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Capital city battles to clear sidewalks

Update: November, 21/2012 - 10:53

by Ngoc Bich

 

The deputy chief of Ha Noi Police Secretariat, Hoang Cao Thang, has threatened to sack ward police chiefs if they do not clear the pavements of food stalls and drink vendors. Given that the areas are specifically reserved for pedestrians, but are seriously cluttered with vendors and motorbikes, the comment seems fair – and timely.

Thang said that city police collected big fines for pavement violations. Some shops paid fines of VND25-30 million but refused to budge. Thang said to prevent encroachment, police had asked Ha Noi People's Committee to strengthen the leadership of authorities.

Thang's idea, published in an on-line newspaper, was well received by many citizens. While they hope that something will be done to restore pedestrians rights, they are dubious that anything will happen.

Nguyen Minh Trang, a friend of mine, who lives in the Old Quarter, says she totally agrees with clearing the pavements. "Ha Noi's pavements have long become mainly a home for shops and restaurants. It is the capital of the country, so it should not become a big market for anyone who wants to set up business," she said.

Some bureaucrats will say that the Government already has a decree to punish walkway violations. The city itself also has a resolution to deal with the matter – and there have been many campaigns to return the space to pedestrians. However, the individual responsibility of those managing the pavements - city police and authorities – has never been emphasised.

Since 2008, the city's People's Committee has placed a ban on street vendors in 63 streets and a ban on motorbike parking in another 56 streets to try and give pedestrians, including many tourists, a fair go. However, so far, the ban has proved mostly ineffective.

Actually, mobile street vendors, most of whom are low-income people from rural areas, are not the major reason for the blocked pavements. However, the cynical say that banning them is much easier than punishing shops and restaurants, which are the main culprit.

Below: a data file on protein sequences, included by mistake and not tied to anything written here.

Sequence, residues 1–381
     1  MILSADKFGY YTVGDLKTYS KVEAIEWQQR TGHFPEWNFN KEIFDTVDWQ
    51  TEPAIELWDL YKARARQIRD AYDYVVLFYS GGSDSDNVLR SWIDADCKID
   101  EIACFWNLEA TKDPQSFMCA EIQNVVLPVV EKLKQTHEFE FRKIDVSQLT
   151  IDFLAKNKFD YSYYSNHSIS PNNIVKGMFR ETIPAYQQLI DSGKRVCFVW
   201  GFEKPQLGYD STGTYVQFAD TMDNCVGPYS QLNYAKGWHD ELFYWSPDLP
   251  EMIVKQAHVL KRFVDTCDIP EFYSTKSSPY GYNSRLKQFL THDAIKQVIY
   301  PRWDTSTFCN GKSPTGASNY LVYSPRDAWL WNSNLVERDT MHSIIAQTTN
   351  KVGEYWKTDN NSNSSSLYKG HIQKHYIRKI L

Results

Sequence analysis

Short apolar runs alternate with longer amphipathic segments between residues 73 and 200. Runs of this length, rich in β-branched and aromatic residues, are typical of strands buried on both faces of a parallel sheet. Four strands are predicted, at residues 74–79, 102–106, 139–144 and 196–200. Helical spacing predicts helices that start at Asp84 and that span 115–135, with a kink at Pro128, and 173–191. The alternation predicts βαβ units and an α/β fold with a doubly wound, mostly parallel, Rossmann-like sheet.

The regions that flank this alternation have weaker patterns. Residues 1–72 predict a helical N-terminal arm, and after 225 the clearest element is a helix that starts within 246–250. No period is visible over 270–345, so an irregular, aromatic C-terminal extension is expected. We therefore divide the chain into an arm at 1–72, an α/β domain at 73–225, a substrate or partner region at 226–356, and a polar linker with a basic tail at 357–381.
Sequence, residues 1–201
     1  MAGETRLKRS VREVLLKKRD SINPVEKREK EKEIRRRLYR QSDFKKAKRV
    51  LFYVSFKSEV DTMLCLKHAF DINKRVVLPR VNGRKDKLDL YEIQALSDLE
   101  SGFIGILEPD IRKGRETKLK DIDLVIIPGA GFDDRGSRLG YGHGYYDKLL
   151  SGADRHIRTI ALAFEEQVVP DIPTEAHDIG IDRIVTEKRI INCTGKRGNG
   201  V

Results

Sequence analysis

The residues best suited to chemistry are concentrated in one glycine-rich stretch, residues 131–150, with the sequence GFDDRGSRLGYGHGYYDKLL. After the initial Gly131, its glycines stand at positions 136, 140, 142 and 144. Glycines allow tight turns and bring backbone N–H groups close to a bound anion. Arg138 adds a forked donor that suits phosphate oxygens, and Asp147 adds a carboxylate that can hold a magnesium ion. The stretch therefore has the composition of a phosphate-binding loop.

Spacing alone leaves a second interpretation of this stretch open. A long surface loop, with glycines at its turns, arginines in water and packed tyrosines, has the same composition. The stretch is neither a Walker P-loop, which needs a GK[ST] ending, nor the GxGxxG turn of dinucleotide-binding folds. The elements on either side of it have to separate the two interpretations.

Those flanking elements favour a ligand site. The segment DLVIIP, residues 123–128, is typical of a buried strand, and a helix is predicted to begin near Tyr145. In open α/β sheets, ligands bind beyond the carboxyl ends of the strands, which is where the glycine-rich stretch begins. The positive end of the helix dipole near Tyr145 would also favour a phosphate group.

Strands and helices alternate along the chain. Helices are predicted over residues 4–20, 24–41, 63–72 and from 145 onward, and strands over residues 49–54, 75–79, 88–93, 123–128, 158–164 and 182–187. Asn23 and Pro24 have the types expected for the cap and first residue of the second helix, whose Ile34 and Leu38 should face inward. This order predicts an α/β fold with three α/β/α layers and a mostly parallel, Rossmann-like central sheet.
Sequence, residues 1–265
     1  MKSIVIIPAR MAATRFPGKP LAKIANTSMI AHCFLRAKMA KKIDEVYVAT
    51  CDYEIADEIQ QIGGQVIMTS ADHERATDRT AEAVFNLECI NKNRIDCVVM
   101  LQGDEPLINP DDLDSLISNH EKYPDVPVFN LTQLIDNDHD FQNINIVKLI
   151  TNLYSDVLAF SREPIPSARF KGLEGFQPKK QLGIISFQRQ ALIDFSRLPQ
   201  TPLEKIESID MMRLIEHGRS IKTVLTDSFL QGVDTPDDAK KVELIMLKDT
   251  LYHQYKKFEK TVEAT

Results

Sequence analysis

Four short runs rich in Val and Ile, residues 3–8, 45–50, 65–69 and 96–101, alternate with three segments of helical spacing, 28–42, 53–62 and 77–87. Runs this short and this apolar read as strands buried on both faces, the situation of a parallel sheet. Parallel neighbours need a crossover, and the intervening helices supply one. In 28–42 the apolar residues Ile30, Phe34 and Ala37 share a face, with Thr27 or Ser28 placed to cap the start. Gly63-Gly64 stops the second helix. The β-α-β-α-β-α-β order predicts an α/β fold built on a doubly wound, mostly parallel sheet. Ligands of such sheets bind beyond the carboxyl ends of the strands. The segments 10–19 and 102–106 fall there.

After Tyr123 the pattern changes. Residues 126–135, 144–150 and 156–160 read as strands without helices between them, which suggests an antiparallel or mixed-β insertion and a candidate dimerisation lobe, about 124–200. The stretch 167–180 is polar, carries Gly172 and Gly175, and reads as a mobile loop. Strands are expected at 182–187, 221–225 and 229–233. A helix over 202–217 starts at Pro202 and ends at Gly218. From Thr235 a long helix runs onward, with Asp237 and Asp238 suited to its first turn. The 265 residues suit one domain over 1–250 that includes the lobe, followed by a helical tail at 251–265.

As a resident living on newly opened Xa Dan Street, every night the five-metre-wide pavement is covered with food stalls. They take the walkway as a space for their customers – and to park motorbikes. Pedestrians do have space, but only when it rains!

In my street, whenever stall keepers see ward police cars approaching, they rush to clean up the pavement, and after the cars pass, it's business as usual. An owner of a food stall admitted to me that he sometimes had to bribe the ward police to ignore him.

He said he doubted the likelihood of ward police chiefs being sacked for not clearing up the mess. "If that was reality, no one would take the position," he added.

Besides, he argued that his business, though violating transport regulations, contributed much to the city's budget and helped create jobs for many people. In fact, the city's People's Committee assigned districts and wards to manage and license people to use the pavements. Districts and wards were responsible for both maintaining urban order and actually collecting taxes from the mini businesses using the pavements, said Colonel Nguyen Duc Binh, deputy director of the People's Police Academy.

This clearly shows that districts and wards are assigned to perform two contradictory tasks, he said, adding that some wards even considered the businesses their main source of income.

To make things problematic, different wards had different regulations for licensing pavement use, Binh said. Some wards allowed auto and motorbike parking while others did not. This sort of disparity made clearing pavements impossible for most ward police chiefs.

Binh said pavement encroachment was not just a simple matter as most informal jobs in Viet Nam, particularly in larger cities, were created by pavement shops and stores. While it might be good for authorities to return sidewalks to the people, this also means that many would lose an opportunity to make money.

Another hurdle for police and the authorities is that many people have a habit of frequenting street food stalls. My 18-year-old sister said she and her teenage friends like sitting at tea and food stalls on pavements and watching people hanging around at night.

"When visiting Nha Tho Street at night, especially on holidays, you will see a lot of people, even foreigners, sitting on pavements in idle talk," she said. She said this was one of the city's characteristics that appealed to tourists.

In my opinion, returning pavements to pedestrians would take time. Dismissing police chiefs is not the answer. And unless the State forgoes the taxable income from these mini entrepreneurs and assigns only one agency to manage pavements, the problem will never be solved.

And if it does happen, the leader of the agency will have to take responsibility if he doesn't fulfil his task. — VNS

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